Nashville offers more generous arena deal to buyers

Updated: November 10, 2007, 5:36 PM ET
Associated Press

NASHVILLE, Tenn. -- The city has made another offer to a local group seeking to buy the Nashville Predators, proposing a more generous arena lease in exchange for a commitment to stay in Nashville for five years.

Under the deal offered Friday by Mayor Karl Dean, the Predators could still leave town in three years if the investors were to lose $20 million in that time and paid attendance were to fall below 14,000 per game.

If the team leaves before the five years are up, it would repay about $6.8 million a year that the city would provide in operating support and management fees to the team and the arena, which the Predators would manage.

Dean said it was time for the city to say what it can do and let the buyers accept it or move on.

"I feel it is important for the stakeholders, including the current owners of the team -- Nashville's hockey fans and all of our citizens -- to know the details of what the city is willing and able to do to help move this transaction forward," Dean said in a written statement.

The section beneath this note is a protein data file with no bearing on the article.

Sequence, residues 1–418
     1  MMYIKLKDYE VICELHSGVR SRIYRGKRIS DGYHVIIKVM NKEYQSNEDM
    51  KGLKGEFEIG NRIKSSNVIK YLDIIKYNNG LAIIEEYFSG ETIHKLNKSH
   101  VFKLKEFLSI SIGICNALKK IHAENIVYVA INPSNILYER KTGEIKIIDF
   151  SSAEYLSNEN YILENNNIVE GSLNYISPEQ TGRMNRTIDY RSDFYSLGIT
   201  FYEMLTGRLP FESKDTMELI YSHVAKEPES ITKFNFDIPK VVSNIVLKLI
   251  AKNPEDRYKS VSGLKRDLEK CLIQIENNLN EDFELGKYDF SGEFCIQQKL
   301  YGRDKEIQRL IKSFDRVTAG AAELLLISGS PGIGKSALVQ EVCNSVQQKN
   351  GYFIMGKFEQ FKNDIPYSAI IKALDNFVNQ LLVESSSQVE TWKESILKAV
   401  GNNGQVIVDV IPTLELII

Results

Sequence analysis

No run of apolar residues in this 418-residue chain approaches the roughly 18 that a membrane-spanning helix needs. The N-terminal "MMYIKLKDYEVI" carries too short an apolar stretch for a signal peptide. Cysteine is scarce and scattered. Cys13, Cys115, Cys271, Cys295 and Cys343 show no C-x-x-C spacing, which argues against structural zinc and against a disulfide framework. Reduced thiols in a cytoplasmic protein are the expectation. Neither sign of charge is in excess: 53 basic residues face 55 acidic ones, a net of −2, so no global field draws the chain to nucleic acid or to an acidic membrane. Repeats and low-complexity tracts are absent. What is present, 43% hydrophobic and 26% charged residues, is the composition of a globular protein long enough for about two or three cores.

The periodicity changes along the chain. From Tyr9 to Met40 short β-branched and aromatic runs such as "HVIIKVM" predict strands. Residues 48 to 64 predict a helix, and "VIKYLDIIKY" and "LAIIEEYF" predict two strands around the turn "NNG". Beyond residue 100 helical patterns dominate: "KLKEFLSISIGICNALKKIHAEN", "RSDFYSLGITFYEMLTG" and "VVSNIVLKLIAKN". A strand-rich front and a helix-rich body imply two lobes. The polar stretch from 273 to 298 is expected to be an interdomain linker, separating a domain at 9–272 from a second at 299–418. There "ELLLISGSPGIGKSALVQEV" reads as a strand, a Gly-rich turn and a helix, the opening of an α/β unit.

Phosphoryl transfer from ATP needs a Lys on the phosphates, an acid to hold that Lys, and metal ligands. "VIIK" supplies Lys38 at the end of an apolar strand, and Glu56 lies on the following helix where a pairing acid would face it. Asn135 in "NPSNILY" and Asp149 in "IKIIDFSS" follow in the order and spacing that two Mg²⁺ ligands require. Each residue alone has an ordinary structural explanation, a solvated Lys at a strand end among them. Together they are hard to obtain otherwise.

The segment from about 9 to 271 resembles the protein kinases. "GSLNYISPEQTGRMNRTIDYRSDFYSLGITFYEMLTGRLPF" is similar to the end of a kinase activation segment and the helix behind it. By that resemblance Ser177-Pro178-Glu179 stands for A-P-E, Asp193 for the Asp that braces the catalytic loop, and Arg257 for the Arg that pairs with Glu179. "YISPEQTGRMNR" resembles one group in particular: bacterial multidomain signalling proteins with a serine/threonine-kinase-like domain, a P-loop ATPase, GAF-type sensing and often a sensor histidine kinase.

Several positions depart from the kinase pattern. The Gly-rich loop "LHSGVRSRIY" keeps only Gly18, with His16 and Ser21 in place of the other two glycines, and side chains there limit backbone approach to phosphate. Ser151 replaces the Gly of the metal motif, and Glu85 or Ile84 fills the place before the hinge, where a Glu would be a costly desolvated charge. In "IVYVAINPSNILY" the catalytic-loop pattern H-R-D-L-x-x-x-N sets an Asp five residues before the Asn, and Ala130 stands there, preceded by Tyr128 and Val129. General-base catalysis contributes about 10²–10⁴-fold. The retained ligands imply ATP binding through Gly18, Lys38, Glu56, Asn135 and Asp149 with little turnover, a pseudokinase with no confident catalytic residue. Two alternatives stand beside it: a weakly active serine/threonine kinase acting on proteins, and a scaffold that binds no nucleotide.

Chase Cole, an attorney for the investors, said Saturday that he received the offer late Friday afternoon and that the local group is looking over it this weekend and will be "getting back to the city in the next day or so to talk with them about it."

The investors, most of whom live in Middle Tennessee, want to buy the Predators from Craig Leipold for $193 million. But they say they first need to change the team's lease of the city's arena, the Sommet Center, to have a chance to make the Predators financially successful.

They made a proposal to the city Sept. 29, a week after Dean took office. He and his aides and attorneys have been negotiating with them since then.

Leipold is selling because he estimated he has lost $70 million in his 10 years of ownership.

Leipold originally announced a deal to sell his team in May to Canadian billionaire Jim Balsillie for $220 million. But the deal fell through in June when the co-CEO of Blackberry makers Research in Motion Ltd. started taking season ticket deposits in Hamilton, Ontario.


Copyright 2007 by The Associated Press

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